Dear Patti,

I feel so much tension. I don’t think I can go to one more wedding this summer. It’s hard enough watching yet another happy couple promising to stay together forever but it seems like I’m the only person in attendance who is single. I know it’s not really true, but I feel like people are staring at me and wondering what’s wrong that I’m there by myself.

My boyfriend (Danny) and I broke up two years ago and he has already married (even though he said he would never get married.). I’ve tried to take the advice of friends and put myself out there in the dating pool, but every guy I meet just doesn’t measure up in looks, personality, intelligence or financially like my ex. I thought after two years I’d be over him, but I’m not. How much longer do I have to wait before I feel that kind of spark again with the opposite sex?

    

  — Cathie

Dear Cathie,

There’s no specific timeline for moving on when it comes to the issue of grieving. Grieving takes different forms depending on the intensity of the relationship. It’s important  that you allow the passage of enough time to reclaim your own self as an individual before you rush into a commitment with someone else just to keep from being alone or lonely.

What sensations come forth when you think about your ex? If there’s a heaviness in your chest, unspent tears, stomach cramps, muscle tension, a lump in your throat, etc., it’s likely that your healing process is not yet complete. Being able to talk to someone about these emotions is a good start, especially if that person holds a position of neutrality. Professional counseling, for instance, will allow you to explore your true feelings in a safe environment, examine whether there are lingering patterns from past relationships (including childhood), and how to love and nurture yourself when you experience self-doubts about your desirability.

Let’s look at a few other considerations.

Do you have difficulty letting men slip under your defenses and get close to you? When someone has anxieties about intimacy, s/he will often keep potential mates at bay. If that person does manage to get close (i.e., a friendship that transitions into romance), it then becomes a devastating loss if it doesn’t work out. This can sometimes lead to building even higher, thicker walls around one’s heart and soul so as not to get hurt again. And while it’s easy to romanticize the past relationship and even idolize a lover who is no longer in the picture, it makes it that much harder for anyone new to compete for your affection.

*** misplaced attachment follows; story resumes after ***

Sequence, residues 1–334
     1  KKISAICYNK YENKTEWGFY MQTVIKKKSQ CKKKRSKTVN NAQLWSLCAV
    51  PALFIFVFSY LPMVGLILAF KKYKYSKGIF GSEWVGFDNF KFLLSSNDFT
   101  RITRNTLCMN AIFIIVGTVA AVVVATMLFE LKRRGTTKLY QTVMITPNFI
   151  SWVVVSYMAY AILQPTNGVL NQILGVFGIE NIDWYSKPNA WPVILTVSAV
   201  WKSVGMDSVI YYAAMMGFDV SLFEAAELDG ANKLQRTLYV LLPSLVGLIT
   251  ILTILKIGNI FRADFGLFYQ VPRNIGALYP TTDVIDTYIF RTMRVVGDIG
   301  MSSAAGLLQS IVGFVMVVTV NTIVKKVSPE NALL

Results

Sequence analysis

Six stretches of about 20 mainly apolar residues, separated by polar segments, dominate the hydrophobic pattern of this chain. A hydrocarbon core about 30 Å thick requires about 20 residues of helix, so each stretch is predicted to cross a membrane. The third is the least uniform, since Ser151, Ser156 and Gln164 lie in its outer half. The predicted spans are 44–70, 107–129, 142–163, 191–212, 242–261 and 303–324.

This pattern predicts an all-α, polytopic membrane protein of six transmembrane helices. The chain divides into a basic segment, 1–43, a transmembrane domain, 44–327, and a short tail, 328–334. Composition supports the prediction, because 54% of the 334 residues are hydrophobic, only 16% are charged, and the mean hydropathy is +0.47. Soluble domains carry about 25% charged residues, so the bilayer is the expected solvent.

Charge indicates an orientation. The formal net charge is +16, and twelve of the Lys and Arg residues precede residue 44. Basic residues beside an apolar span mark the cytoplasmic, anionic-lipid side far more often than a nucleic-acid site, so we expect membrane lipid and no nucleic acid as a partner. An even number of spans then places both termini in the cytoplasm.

Are you now looking at every potential relationship with a critical mindset, perhaps even harboring a sense of anger against the male population in general? If so, you’d be likely to even find fault with your ex if he returned to your life. On the one hand, you don’t want to always be the single girl at everyone else’s beautiful wedding, yet on the other an unconscious hostility toward the opposite sex might be preventing you from forming new attachments. If you think this may be true, I recommend psychotherapy where you can process these buried resentments and explore your ambivalence.

Since mate selection is one of life’s most important decisions, think about what qualities Danny had that you feel are essential. Exposure to a wide variety of men may lead you to the realization that limiting yourself to a “type” (i.e., a Danny clone) is keeping you from discovering wonderful attributes and insights that others have to offer.

Lastly, it concerns me that you’re equating your psychological well-being with “waiting” to feel whole again. If you’re telling yourself that nothing will be right or meaningful until you find the right man, it’s diminishing the freedom of choice you have at this very moment to make a difference in your own life. Allow a rebirth of energy and optimism to pursue the things you’ve always wanted to do and that bring you joy — with or without a partner to share them. 


Patti Carmalt-Vener, a faculty member with the Southern California Society for Intensive Short Term Psychotherapy, is a psychotherapist in private practice with offices in Pasadena, Santa Monica and Canoga Park. Contact her at (626) 584-8582 or email pcarmalt@aol.com. Visit her Web site, patticarmalt-vener.com.